Needle Droppings:
Bob Dylan, “Joey”

Like most mortals, I have made some terrible mistakes in my day. One of the worst was paying actual money to see Dylan and The Dead at the Philadelphia stop of their infamous 1987 “collaborative” tour. Pairing Dylan—who has always needed a hot shit backing band to kick him in the keister—with the shambolic and drag-ass Grateful Dead was about as ill-conceived a notion as East Germany’s mass production of concrete umbrellas in 1961. (Death toll: 341.)

The low point of the Philadelphia show was “Joey,” Dylan’s seemingly endless paean to Brooklyn Mafioso Joe Gallo, who was gunned down while eating a bowl of mussels in morte sauce in Umberto’s Clam House on Mulberry Street in Little Italy in 1971. “Joey” came off the same LP (1976’s Desire) that gave us “Hurricane,” and Dylan made wrongfully persecuted Buddhas of both subjects, which is exactly the problem. Because while the imprisoned (and most likely framed) middleweight boxer Ruben “Hurricane” Carter was a bona fide sympathetic figure, it’s hard to say the same about “Crazy Joe” Gallo, who was not only a high-ranking made member of the Profaci crime family, but a homicidal maniac to boot.

Dylan’s treatment of Gallo peeved plenty, most notably the late, great Lester Bangs, who dismissed “Joey” as “one of the most mindlessly amoral pieces of romanticist bullshit ever recorded.” And it’s impossible to ignore the maudlin sentimentality at the song’s core: “It was true that in his later years he would not carry a gun/‘I’m around too many children,’ he’d say, ‘they should never know of one.’” How gooey sweet. Gallo, evidently, was one of your pacifistic homicidal maniacs.

It’s also as evident as the late J. Garcia’s x-ray on the Shroud of Marin in the song’s chorus: “Joey, Joey/King of the streets, child of clay/Joey, Joey/What made them want to come and blow you away.” Oh, I don’t know, perhaps they didn’t much care for Gallo’s brand of aftershave. Or were a mite piqued at Gallo for rubbing out fellow mobster Albert Anastasia as he sat in a barber’s chair, which foul deed Joey performed because he didn’t much care for Anastasia’s brand of aftershave either.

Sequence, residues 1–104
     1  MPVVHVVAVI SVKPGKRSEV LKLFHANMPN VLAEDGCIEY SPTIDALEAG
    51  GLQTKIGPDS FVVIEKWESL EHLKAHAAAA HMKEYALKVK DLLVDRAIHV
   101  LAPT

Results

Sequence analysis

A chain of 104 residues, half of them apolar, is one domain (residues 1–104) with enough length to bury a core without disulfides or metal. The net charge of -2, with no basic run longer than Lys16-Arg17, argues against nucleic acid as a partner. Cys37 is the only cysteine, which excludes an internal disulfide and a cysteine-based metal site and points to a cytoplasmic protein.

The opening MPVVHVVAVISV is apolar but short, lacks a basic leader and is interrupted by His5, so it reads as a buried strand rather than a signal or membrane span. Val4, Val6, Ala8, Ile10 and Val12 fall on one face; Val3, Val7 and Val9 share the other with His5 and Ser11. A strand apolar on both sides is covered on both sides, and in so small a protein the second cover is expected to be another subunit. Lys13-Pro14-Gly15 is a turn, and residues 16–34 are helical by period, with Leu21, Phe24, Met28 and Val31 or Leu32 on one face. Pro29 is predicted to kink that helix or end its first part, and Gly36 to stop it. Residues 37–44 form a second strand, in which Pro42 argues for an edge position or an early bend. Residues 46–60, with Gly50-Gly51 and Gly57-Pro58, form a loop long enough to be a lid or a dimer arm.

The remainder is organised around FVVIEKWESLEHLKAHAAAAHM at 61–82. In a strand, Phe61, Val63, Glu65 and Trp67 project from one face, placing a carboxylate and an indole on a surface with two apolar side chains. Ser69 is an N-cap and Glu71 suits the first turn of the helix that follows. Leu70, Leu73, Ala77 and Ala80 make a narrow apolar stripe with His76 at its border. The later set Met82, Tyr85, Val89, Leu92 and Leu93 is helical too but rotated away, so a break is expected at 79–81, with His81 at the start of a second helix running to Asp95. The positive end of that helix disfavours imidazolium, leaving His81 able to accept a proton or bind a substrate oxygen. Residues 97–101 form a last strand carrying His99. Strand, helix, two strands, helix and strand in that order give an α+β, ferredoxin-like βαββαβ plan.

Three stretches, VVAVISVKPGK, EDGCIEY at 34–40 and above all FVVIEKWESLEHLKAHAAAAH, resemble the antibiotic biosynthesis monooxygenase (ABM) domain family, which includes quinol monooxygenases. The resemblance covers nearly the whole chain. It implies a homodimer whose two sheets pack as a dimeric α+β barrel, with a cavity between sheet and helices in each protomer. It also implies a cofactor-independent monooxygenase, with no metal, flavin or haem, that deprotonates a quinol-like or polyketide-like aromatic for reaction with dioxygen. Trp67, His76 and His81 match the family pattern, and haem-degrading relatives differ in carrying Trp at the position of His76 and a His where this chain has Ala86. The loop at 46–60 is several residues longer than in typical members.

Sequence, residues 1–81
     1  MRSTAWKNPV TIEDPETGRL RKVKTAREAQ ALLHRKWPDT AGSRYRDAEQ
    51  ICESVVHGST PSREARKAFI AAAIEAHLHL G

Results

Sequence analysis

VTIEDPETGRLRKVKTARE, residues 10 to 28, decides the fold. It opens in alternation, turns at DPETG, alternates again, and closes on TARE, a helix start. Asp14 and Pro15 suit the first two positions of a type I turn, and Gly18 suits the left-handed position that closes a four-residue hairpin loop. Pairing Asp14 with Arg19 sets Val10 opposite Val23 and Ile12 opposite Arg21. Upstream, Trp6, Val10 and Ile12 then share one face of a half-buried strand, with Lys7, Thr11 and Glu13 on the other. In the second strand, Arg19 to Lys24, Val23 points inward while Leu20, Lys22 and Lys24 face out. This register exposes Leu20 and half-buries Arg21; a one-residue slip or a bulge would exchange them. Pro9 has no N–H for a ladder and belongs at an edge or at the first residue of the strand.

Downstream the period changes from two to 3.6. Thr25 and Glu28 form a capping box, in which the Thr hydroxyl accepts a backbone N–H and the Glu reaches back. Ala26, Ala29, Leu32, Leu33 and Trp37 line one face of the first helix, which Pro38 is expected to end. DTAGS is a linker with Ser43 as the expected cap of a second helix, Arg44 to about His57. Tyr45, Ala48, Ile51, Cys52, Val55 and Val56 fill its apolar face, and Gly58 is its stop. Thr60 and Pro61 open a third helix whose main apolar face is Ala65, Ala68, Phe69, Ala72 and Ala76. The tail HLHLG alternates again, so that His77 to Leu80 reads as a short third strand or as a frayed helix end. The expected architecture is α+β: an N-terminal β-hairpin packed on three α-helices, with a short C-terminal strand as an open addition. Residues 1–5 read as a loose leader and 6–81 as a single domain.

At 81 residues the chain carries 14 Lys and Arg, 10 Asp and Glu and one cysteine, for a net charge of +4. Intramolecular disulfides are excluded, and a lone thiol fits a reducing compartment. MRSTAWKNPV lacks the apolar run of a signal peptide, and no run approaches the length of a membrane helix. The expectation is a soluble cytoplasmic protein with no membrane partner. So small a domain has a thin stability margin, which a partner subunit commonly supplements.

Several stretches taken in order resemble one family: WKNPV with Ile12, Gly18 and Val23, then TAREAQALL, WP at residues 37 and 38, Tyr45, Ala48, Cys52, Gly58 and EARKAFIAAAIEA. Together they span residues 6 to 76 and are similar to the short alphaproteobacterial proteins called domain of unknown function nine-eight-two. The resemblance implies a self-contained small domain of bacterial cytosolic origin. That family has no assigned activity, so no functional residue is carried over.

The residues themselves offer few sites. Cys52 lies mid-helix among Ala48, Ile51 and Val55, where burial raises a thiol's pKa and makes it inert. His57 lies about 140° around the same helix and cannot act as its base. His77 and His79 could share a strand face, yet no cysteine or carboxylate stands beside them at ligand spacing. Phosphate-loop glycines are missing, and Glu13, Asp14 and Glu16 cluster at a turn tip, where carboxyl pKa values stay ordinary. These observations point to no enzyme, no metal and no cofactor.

Had Dylan celebrated Gallo as a fascinating figure while honestly acknowledging he was a pathological killer, I’d have no trouble with “Joey.” Instead Dylan chose to transform Gallo into a kind of Mafioso saint, which is why “Joey” fails as art (despite the fact that its melody is really kinda catchy) and is totally dishonest at heart. One can only wish Dylan had either played it straight or written a protest song about somebody, anybody else—say the Dylan family mutt, falsely accused of leaving little brown logs on next door neighbor Kenny Loggins’ lawn. But he didn’t, and “Joey” stands as a testament to either Dylan’s naïveté or utter cynicism, it’s hard to know which.

It was Dylan who told us the answer was blowing in the wind, only to inform us later that said wind was an idiot. Looking back on that night in Philadelphia in 1987 I realize I was an idiot too. Not so much for actually paying to witness Dylan and The Dead lethargically drag the carcasses of some of Dylan’s greatest songs around, but for still trusting in Dylan as a Speaker of Truth, while he was hard at work whitewashing a blackguard.

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  • Martijn